Several Chinese stocks with pending "going private" transactions are on my watch list. As more Chinese companies confirm plans to go private, the high level of uncertainty in this sector may make risk arbitrage opportunities exceptionally profitable for investors willing to rationally investigate each transaction.
|Company||Price on 8/17/2012||Going Private Price||Expected Closing Date||Book Value Per Share|
|China Transinfo Technology (NASDAQ:CTFO)||5.55||5.8||9/30/2012||5.15|
|Fushi Copperweld (NASDAQ:FSIN)||8.94||9.50||12/31/2012||10.59|
|Gushan Environmental Energy(NYSE:GU)||1.49||1.62||9/30/2012||2.11|
|Pansoft Company (NASDAQ:PSOF)||3.97||4.15||9/30/2012||3.91|
Sources: Yahoo Finance and SINLetter.com.
Many Chinese stocks, including 3of the 5 stocks on this watch list, trade at a discount to book value, primarily due to widespread negative sentiment surrounding Chinese stocks. Even if analysts adjust these book values down, the valuations are still low. In some cases these low valuations are deserved, but in other cases they reflect investor attitudes towards Chinese companies in general, rather than company specific risk. Most Chinese stocks listed in the US are now priced like they are the next Sino-Forest, even if there is a legitimately successful business, verifiable assets, and shareholder friendly management.
Moreover, in the case of going-private transactions, the arbitrage spreads are exceptionally wide even in cases where the transaction has well documented support from the China Development Bank or large US financial institutions. Of the five stocks listed above, three are on the SINLetter.com list of top 10 deals with the largest spreads. These wide spreads may reflect general distrust of Chinese stocks, rather than transaction-specific risks.
Extra due diligence
Its no secret that investing in Chinese stocks requires extra due diligence. As I go through my watchlist and wait for further developments, I'll be giving extra scrutiny to the following areas:
- Management credibility and incentives. Top executives should be deeply involved in actual business operations, and not just figureheads. Management compensation also needs to be tied to performance of the US listed stock.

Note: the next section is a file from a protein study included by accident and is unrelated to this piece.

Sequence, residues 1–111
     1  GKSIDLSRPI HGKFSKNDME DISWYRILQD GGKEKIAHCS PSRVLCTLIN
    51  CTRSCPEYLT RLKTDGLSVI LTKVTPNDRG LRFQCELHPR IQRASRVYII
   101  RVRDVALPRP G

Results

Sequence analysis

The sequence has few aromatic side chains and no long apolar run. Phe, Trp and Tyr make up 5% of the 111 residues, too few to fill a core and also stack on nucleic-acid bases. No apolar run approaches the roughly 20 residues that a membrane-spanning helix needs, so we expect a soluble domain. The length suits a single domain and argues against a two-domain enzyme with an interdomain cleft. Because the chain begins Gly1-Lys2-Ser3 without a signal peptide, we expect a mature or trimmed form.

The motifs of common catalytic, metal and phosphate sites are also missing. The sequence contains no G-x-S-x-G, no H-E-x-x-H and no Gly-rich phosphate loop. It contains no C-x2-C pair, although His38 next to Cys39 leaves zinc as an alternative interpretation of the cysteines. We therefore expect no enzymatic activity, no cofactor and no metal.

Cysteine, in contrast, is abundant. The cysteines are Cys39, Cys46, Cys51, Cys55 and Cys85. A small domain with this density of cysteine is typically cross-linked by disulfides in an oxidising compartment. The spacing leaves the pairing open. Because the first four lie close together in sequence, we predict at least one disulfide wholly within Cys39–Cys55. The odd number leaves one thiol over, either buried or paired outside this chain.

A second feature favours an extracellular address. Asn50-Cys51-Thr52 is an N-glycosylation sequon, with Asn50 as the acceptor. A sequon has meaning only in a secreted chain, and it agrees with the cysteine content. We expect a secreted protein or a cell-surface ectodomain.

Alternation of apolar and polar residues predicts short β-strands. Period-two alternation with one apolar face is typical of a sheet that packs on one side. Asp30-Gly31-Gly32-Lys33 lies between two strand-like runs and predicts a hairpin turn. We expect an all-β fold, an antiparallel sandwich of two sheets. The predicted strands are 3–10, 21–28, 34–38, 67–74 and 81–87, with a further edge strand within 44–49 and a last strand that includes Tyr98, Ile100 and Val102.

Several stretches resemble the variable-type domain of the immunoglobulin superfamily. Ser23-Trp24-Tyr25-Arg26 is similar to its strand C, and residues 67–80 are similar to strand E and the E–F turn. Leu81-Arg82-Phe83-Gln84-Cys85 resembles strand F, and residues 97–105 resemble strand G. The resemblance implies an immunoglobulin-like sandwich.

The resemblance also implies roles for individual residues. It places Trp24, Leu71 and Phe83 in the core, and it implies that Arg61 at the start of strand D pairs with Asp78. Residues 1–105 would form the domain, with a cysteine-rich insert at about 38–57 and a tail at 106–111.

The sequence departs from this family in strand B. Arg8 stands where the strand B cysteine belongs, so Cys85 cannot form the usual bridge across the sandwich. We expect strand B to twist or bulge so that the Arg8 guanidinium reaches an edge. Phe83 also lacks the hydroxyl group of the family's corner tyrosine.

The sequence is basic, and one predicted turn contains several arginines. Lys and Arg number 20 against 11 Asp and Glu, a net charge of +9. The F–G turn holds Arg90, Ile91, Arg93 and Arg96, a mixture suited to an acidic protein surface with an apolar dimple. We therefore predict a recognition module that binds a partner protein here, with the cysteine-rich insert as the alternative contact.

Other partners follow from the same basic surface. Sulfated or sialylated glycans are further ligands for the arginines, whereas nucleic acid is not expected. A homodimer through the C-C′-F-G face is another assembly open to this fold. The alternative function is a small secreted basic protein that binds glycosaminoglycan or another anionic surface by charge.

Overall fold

- Verifiability of assets and business activity. If there is a serious problem, the deal may collapse during due diligence. However note that previous reports by prominent short sellers do not automatically mean a going private transaction will not succeed.
- Risk from pending shareholder lawsuits. Investors should evaluate the credibility of pending lawsuits, and the potential cost of protracted litigation. Will the lawsuits destroy the deal?
- Financing and advisory support for the deal. Speculating on which companies might go private is extremely risky unless the company is already good long term value as a public company. It is far better to wait for confirmed transactions with solid financing. Additionally, for the catalyst to succeed, it helps if the involved institutions have a track record of completing transactions in China. Early announcements need to be verified from sources other than the company itself.
This extra scrutiny can verify if a company is indeed a legitimate entity entering into a rational transaction.
Hedging general China risk
Even the best Chinese stocks carry a unique risk of widespread anti-China contagion. With each new accounting scandal, unrelated stocks plummet. Moreover, a cross-border conflict involving auditing oversight threatens all Chinese stocks.
Investors should look for ways to hedge against a further onslaught of bad news impacting China concept stocks. One option I've looked at is buying put options on PowerShares Golden China Portfolio (NYSEARCA:PGJ), an ETF that tracks US listed China concept stocks. This index should collapse in the event of massive China stock delisting scenario. However, currently volume is low in these options, and the ETF itself is at best a crude approximation. In the absence of other adequate hedging options, an investor should keep Chinese opportunities as a small portion of a diversified portfolio, regardless of much independent due diligence they have conducted on a particular company.